LawRefs Customized Legal Information
Attorney Renee C. Walsh


The Scanner Law Still Exists!

What’s the main difference in the new scanner law and the old scanner law?

  • How the price is advertised.  Sellers can now display the price in the store at the place where the item is located.  Individually marked items are no longer required.

The new law is called the Shopping Reform and Modernization Act.  (The old law was called the Pricing and Advertising of Consumer Items Act.)  Both of the laws are commonly referred to as the “SCANNER LAW”.

 What are the exceptions?

The scanner law does not apply to:

a) Items sold by weight or volume which are not in a package or container;
b) items sold in a coin-operated vending machine;
c) prepared food intended for immediate consumption;
d) items purchased by mail or through a catalog, or which are not otherwise visible for inspection, if the price of the item is on the consumer’s written order or the bill/invoice;
e) unpackaged food items;
f) items which have a total weight of not more than 3 ounces, a total volume of not more than 3 cubic inches, and a total price of not more than 30 cents;
g) live plants;
h) live animals;
i) motor vehicles;
j) motor vehicle parts;
k) packages of 20 or fewer cigarettes;
l) greeting cards sold individually which have a readable coded price on the back of the card;
m) merchandise ordered by a consumer as a gift to be sent directly to the recipient.

If a scanner is used to charge you more than the price displayed and you have a receipt, then you get the bonus.

Once you complete your transaction notify the seller of the overcharge and request your bonus.  You do not have to do this in writing.  You do have to do this within 30 days.  Remember who you talk to and what is said.


What must the seller do?



The BONUS = 10 x the difference (min $1.00, max $5.00)

If the seller doesn’t pay, recover actual damages or $250.00, whichever is greater, plus reasonable attorney fees up to $300.00.

Contact me! I’ll help you get your $250 (or actual damages) and they’ll pay my fee!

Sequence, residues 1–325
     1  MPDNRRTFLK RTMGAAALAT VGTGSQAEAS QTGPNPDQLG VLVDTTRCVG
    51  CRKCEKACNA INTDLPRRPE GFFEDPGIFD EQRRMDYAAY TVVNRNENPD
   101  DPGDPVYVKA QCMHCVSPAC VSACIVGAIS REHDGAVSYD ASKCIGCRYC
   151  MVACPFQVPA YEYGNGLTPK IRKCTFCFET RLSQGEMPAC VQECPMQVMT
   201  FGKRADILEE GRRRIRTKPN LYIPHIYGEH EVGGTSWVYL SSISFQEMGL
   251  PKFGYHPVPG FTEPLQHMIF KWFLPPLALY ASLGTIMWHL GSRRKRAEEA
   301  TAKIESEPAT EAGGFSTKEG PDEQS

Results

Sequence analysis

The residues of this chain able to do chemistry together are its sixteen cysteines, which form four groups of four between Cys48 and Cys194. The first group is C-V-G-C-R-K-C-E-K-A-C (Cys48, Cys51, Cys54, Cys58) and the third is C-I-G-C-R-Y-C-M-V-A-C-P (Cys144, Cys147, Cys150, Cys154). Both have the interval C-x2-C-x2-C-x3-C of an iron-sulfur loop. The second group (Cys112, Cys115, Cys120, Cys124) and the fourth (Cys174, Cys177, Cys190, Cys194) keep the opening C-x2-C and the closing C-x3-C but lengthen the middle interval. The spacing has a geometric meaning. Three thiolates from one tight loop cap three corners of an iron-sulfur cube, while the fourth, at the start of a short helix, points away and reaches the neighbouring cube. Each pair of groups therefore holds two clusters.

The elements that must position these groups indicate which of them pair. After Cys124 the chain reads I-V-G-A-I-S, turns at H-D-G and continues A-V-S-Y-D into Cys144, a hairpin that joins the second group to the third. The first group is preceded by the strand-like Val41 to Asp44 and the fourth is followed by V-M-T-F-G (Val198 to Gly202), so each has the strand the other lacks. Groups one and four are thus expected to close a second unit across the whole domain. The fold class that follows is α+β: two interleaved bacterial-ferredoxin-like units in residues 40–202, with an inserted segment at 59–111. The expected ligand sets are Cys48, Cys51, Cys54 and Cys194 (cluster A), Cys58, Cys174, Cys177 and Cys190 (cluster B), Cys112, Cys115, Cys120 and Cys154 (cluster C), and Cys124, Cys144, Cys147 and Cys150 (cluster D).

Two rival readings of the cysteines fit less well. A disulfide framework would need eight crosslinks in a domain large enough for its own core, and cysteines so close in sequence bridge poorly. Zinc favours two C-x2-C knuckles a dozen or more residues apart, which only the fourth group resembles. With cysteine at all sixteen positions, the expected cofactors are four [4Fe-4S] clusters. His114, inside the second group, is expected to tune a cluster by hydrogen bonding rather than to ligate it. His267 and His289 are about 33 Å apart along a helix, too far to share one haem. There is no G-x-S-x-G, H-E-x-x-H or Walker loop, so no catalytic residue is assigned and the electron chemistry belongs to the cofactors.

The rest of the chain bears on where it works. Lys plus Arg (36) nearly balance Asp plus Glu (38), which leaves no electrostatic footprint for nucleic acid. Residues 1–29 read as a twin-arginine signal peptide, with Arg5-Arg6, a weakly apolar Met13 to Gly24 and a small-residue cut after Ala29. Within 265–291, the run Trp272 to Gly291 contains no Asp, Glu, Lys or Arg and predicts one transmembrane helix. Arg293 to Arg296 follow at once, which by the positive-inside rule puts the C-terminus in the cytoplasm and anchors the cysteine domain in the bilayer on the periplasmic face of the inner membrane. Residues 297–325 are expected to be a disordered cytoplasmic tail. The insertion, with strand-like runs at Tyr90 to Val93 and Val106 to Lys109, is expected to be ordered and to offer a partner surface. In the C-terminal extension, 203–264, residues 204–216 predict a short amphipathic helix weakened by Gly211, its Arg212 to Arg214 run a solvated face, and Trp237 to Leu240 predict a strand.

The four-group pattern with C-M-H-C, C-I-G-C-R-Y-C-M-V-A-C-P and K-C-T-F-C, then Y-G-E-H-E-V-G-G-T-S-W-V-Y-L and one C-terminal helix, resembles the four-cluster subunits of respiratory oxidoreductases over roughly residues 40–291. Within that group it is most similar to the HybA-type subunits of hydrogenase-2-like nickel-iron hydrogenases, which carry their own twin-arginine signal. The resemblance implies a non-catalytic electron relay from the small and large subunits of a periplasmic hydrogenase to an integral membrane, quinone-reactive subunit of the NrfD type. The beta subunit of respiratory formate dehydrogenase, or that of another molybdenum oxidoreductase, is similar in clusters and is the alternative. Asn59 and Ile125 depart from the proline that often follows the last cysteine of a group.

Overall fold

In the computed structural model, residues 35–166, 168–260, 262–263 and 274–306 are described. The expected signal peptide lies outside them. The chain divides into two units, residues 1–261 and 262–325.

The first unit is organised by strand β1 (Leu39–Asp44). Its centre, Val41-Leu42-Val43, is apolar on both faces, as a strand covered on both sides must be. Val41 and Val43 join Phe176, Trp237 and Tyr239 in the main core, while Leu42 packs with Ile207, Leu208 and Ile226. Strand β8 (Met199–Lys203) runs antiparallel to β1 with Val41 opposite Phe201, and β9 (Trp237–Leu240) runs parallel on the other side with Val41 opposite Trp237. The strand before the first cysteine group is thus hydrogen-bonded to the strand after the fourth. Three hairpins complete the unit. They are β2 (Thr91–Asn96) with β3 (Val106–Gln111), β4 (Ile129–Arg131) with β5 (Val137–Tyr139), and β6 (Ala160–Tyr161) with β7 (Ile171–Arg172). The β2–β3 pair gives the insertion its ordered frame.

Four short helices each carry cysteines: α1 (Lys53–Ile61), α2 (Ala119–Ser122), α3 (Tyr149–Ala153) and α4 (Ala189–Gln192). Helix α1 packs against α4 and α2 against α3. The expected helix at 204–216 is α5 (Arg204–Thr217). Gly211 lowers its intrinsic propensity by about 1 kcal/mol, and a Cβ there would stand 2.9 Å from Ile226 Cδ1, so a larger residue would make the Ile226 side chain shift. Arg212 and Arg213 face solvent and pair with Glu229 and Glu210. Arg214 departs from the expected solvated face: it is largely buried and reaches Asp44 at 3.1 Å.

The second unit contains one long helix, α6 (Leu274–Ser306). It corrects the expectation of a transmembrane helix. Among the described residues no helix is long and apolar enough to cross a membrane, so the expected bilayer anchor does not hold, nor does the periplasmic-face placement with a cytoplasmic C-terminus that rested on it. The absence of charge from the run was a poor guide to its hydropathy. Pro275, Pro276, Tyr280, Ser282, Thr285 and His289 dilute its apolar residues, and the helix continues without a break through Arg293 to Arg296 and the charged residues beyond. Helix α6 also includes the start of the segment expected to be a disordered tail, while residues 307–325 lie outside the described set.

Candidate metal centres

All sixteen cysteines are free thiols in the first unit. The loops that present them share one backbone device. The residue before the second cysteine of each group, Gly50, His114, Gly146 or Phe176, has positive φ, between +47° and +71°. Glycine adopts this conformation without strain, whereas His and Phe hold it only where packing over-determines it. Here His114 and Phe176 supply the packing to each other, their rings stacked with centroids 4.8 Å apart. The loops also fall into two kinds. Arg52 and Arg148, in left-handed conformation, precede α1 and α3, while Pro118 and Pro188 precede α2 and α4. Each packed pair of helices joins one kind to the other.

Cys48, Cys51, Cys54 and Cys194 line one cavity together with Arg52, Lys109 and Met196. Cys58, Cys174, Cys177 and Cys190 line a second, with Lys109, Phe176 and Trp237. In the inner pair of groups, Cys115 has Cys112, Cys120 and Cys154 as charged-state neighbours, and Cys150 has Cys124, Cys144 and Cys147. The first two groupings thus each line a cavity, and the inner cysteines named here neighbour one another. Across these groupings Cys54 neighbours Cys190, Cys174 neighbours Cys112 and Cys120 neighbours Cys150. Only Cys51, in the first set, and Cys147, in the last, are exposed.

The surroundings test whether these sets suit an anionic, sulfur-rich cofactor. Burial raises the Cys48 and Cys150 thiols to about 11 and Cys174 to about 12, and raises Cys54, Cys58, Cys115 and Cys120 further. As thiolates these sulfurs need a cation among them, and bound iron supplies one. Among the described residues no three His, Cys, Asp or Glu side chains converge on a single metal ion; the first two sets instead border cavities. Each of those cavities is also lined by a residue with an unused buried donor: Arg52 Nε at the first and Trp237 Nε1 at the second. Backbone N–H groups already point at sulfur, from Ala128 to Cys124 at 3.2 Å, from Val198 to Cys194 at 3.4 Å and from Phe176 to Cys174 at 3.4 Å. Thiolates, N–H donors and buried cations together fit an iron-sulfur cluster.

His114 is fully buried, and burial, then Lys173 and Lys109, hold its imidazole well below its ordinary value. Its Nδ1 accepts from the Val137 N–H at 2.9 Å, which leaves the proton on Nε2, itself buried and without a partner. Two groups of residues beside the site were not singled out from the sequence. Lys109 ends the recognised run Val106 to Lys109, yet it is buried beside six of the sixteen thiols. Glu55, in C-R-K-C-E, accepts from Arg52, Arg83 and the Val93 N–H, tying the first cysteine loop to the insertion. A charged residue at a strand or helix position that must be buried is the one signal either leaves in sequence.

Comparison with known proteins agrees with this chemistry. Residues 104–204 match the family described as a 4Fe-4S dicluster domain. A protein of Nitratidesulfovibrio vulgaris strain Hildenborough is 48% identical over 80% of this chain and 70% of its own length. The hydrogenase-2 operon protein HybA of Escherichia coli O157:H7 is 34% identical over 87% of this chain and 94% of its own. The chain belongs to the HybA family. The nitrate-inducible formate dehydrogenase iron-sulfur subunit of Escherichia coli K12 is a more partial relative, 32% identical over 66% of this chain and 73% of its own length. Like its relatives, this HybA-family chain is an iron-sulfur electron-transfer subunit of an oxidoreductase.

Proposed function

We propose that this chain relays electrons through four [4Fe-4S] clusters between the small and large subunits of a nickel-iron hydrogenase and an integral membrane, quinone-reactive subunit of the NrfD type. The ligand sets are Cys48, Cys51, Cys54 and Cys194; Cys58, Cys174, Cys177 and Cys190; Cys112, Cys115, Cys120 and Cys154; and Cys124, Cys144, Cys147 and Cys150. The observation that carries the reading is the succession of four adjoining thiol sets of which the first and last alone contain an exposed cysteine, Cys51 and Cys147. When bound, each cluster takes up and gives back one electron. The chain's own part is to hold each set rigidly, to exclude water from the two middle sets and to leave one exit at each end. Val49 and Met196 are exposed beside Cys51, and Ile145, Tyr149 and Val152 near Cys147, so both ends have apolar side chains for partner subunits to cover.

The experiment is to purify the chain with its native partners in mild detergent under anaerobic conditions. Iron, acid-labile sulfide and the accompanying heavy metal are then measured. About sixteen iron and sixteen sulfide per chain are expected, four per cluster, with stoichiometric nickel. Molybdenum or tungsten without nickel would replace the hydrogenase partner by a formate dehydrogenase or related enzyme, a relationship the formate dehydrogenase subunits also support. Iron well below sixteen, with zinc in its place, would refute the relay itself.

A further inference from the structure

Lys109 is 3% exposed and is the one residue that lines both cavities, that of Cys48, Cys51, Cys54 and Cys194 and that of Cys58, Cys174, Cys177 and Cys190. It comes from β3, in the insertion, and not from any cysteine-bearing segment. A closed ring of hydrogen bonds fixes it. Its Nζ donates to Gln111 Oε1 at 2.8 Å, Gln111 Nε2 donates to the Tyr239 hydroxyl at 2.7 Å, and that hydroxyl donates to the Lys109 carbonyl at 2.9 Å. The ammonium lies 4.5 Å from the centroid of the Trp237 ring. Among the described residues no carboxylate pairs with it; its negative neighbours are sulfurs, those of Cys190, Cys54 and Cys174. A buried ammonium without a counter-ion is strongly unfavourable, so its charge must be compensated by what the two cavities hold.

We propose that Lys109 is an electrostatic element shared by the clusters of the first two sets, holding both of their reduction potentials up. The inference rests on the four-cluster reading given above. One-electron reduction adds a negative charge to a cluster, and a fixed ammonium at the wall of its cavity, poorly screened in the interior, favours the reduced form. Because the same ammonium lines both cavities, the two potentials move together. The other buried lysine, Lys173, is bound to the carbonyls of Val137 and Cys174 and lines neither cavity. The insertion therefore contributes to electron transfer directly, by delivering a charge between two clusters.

Key requirements to success at getting $250:

  • Price on display
  • You have receipt
  • You notify store within 30 days
  • Store does not pay bonus within 2 days
  • You have photograph of advertising/display
  • You gave them (or tried to give them) your contact information


  1. I had an issue where I was overcharged for lumber purchased. Took a photo of the price on the shelf and informed customer service. They said their policy is to only refund, no bonus paid. They state that is an old law, no longer applies. While shopping at another Home Depot they said the same thing. I even provided the info from They said policy is to not pay, it is an old law. They did refund the difference, but nothing more. Am I missing something obvious?

    • Dear Mike:

      The “Scanner Law” does not apply to items sold by weight or volume that are not in a package or container; so lumber is exempt. However as to the reason provided, many retailers believe that because the Michigan Item Pricing Act was repealed years ago, there is no “Scanner Law”; but the legislature approved another law that jumped it the old law’s place. The new law is called the Shopping Reform and Modernization Act. The biggest difference was that the retailer no longer has to put a price sticker on merchandise and can now display the price nearby. If the policy is to not pay because the law does not apply to the exempt item, then that is acceptable; however, if they believe they don’t have to pay because the law is no longer in effect, that is incorrect and unacceptable.

  2. I was told by a store that they do not give the bounty on clearance items. Is this true?

    • Dear Kathy S.:

      Many stores tell customers that the bounty does not apply to clearance items; however, this is not a true statement of the law.

  3. Does the scanner law apply to bags of tobacco?

    • Dear Kim:

      The scanner law does not apply to “Items sold by weight or volume which are not in a package or container.”

      If the tobacco was already packaged, the scanner law would apply.

      • The tobacco was in a package – even had a price of $5.99. It rang up for $6.49. The manager stated that the law does not apply because the store is privately owned and it is subject to change, and they are not a grocery store. This was today at Wild Bill’s Tobacco.

        • Dear Kim:

          There is no exception for “privately owned” stores. The law hinges on the use of an automatic checkout system. Given that the store manager told you untruths about the law, this is arguably a separate violation of the Consumer Protection Act.